Historic marker for Jack, Fido, and Tip

San Francisco’s Forgotten Canine Cable Car Heroes

In early December I spent several days in the San Francisco area. I was fascinated at one gathering to see so many people walking around showing each other photos and videos of their dogs. I thought that people in Atlanta were dog crazy, but these folks were off the chain, if you’ll forgive the pun.

I ended my last day in San Francisco with a quick jaunt in the vicinity of Chinatown. Along the way I stumbled across the Cable Car Museum, which is honestly one of the most interesting places I’ve encountered during my two trips to that city. The history of the city’s cable cars is fascinating.

One of the most unusual items in the museum is a marker commemorating the killing of three guard dogs: Jack, Fido, and Tip.

Historic marker for Jack, Fido, and Tip

Get a closer look via this brief video I grabbed while I was there:

The text on the plaque reads as follows:

Erected by the employés of the Haight St. Cable Car Line and P. & O. Rail Road.

To the memory of their three Dogs, JACK, FIDO & TIP.

In life they were intelligent, Noble and affectionate, and were cruelly poisoned by Burglars on the morning of March 9, 1891, and nobly perished at the post of duty.

Jack, Fido and Tip, ill fated three.

Poor dead play fellows, a sad bequest.

Faithful to the last, now you’re free.

Sleep on, forever, peaceful be your rest.

C.R.Hawthorne, Maker        H.

Discovery of a Lost Plaque

In 1931 Time Magazine recorded the discovery of a marble plaque fitting the description of the one in the Cable Car Museum. Is it the same one? Probably? The full text of the Times story is behind a paywall but here’s the preview text as reported on Monday, March 16, 1931:

Housewreckers dissecting a brick wall in San Francisco lately found riveted to it a large memorial plaque of marble. Carved thereon were three marble dogs, two crouched beside, one perched on top of an old time safe. Below them was graven this testimonial: “. . . To the memory of three Dogs, JACK, FIDO, & TIP. In life they were intelligent, noble, and affectionate, and were cruelly poisoned by Burglars, and nobly perished at the post of duty.

Out of curiosity I began googling the names of the three dogs. Here’s what I found…

1893 Printed Reference to Dogs Graves

I found older information about these poor dogs in the “Bazaar Exchange and Mart, and Journal of the Household, Volume 48”, dated Monday, April 24, 1893.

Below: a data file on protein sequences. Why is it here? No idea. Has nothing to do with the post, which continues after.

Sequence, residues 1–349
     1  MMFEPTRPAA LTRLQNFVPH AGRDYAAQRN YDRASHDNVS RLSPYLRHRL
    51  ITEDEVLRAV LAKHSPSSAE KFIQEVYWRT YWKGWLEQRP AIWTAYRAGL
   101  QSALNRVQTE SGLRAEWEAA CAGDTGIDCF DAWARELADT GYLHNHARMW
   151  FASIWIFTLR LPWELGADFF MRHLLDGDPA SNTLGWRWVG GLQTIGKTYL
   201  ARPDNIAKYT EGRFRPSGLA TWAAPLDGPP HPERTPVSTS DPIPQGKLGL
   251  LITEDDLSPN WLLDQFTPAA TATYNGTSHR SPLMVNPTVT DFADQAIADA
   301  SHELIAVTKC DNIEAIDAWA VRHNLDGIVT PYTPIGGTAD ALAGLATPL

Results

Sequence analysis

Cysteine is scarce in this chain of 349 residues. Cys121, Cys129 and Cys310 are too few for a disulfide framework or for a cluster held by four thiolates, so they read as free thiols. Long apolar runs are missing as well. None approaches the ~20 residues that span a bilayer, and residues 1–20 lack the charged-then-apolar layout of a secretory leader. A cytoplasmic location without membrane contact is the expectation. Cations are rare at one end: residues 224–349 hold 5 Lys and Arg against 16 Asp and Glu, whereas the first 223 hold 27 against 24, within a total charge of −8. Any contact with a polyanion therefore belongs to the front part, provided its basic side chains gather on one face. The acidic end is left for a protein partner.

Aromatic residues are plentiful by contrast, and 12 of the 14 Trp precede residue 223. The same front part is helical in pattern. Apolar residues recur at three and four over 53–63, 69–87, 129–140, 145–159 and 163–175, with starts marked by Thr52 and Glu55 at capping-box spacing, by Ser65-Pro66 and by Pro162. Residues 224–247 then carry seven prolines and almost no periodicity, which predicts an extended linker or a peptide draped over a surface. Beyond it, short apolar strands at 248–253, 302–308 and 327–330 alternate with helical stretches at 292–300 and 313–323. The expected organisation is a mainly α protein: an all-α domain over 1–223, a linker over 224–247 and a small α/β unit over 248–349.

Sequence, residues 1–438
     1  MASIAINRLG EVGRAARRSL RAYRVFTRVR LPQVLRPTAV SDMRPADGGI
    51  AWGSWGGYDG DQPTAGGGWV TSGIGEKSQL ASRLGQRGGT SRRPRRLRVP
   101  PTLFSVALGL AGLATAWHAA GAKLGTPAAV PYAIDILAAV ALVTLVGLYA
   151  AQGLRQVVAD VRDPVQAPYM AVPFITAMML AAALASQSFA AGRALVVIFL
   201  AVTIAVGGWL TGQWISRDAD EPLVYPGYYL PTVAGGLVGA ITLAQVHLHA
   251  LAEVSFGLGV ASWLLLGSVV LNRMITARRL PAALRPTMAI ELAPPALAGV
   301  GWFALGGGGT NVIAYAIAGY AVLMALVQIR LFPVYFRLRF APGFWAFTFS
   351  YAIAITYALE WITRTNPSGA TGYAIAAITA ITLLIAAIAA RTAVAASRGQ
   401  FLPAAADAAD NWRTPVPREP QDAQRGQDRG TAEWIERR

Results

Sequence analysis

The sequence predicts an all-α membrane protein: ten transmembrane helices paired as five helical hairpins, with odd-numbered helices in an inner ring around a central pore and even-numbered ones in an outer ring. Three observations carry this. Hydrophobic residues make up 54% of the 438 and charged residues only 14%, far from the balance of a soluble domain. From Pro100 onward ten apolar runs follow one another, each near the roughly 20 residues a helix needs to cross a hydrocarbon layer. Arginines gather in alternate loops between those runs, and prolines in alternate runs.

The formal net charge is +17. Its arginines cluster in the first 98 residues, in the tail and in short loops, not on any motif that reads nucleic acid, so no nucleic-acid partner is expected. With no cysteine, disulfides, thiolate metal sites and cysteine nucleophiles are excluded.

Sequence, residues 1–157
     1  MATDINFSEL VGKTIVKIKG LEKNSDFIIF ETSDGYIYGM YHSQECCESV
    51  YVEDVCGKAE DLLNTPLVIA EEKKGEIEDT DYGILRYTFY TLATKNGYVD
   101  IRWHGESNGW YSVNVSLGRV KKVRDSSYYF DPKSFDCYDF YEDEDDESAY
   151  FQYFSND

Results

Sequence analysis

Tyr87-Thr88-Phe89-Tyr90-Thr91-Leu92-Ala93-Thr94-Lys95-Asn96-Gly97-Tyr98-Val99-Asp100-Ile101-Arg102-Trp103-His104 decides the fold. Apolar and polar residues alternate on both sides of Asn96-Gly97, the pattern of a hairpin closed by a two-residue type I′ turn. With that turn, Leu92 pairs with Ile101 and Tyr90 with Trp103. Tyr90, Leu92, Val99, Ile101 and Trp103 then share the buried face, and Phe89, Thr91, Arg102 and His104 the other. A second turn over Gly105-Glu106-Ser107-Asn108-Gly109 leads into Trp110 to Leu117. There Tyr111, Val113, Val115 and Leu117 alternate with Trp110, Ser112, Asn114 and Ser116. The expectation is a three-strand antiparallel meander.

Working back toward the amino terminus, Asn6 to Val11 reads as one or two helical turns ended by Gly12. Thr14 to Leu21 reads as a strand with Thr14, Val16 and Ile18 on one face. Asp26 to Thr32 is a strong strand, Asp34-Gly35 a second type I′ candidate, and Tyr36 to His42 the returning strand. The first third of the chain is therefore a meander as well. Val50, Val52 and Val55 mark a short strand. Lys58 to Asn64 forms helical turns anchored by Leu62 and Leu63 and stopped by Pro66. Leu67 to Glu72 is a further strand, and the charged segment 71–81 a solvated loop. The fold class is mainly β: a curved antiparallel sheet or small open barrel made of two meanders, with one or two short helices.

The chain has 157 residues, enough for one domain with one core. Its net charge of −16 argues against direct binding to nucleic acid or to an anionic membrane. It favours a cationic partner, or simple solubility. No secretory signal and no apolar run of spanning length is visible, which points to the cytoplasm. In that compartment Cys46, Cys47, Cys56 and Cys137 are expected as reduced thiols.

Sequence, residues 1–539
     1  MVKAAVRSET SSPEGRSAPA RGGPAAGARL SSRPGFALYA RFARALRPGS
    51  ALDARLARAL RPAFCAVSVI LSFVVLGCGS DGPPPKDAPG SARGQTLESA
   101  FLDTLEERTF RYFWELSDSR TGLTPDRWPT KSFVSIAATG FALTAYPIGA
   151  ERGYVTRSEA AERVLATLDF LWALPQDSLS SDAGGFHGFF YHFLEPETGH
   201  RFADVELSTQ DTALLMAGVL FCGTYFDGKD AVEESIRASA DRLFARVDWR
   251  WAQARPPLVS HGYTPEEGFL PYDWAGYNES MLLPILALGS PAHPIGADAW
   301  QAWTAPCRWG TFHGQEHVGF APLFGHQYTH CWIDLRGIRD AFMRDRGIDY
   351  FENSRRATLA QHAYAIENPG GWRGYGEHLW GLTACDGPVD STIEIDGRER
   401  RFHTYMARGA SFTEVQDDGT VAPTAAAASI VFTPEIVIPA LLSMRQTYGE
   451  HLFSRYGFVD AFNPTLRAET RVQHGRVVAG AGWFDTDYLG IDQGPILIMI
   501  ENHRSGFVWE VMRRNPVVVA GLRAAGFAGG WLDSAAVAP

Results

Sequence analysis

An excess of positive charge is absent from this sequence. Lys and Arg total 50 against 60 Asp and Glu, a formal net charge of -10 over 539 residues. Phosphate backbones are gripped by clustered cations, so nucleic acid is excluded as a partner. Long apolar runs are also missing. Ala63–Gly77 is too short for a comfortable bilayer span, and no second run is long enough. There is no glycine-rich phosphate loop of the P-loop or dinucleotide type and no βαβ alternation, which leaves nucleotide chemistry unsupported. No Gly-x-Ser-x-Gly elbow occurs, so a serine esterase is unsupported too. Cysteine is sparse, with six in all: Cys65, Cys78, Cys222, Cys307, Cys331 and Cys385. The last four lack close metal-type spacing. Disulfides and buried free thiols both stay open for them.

The document is available from Google Books via this link.

https://play.google.com/books/reader?id=7eM-AQAAMAAJ&hl=en&pg=GBS.PA368

On page 722 is an account of various dog-related activities, including the following, which includes a slightly different rendition of the text on the plaque shown above, as well as a bit of other information about other railroad dogs I did not see documented at the Cable Car Museum.  Please note that the spelling of the word “employees” has changed in the hundred some odd years since this was engraved; I recognize the antiquarian spelling because it is repeated in the charter for IATSE, an entertainment union to which I belong.

Historic record of Jack, Fido, and Tip

“It is not often that a dog’s memory is perpetuated in marble and his grave kept green. Such a lot falls only to a hero in the canine race, and although there may be many such heroes in life they are seldom thought of after they have gone. Beside the roundhouse of the Park and Ocean Railroad, San Francisco, lie five of these heroes, and over their well-kept graves are marble slabs telling of their virtues. At the top of one slab, we are told in an American paper, is a representation of three guards guarding a safe, and under it these words are engraved in gilt letters:

Erected by the employés of the Haight St. Cable-Car Line and Park & Ocean Railroad to the memory of their three Dogs, Jack, Fido, and Tip. In life they were intelligent, noble, and affectionate. They were cruelly poisoned by Burglars on the morning of March 9, 1891, and nobly perished at the post of duty,

Jack, Fido and Tip, ill-fated three.

Poor dead play fellows, a sad bequest;

Faithful to the last, now you’re free.

Sleep on, forever, peaceful be your rest.

On a small slab next to the big one is an empty dog-kennel cut in the marble, and under it are the words : “Jack. Gone, but not forgotten.” The third slab calls to memory of one of the best-known railroad dogs in California, Nig, a Black Spaniel, who was run over by a car and killed. The inscription on the oval slab erected to perpetuate his memory reads: “In memory of our old old dog, Nig, accidentally killed, April 21, 1894. Intelligent and brave.”

A scheme is on foot for holding a dog show in Redruth. There are plenty of fanciers in the district, and the matter is being taken up in real earnest.

Opportunity for Dog-Happy San Franciscans

I am just one of many visitors who have walked away from the cable car barn saddened by this small homage to three dogs who died so cruelly. Not being a San Franciscan I am unaware of the city’s history and don’t know if there has ever been wider recognition of these dogs in ‘modern’ times, but Jack, Fido & Tip could become a great opportunity for a dog-centric business or charity.

If you know more about these pups or if you decide to revive their names in some way please let me know!


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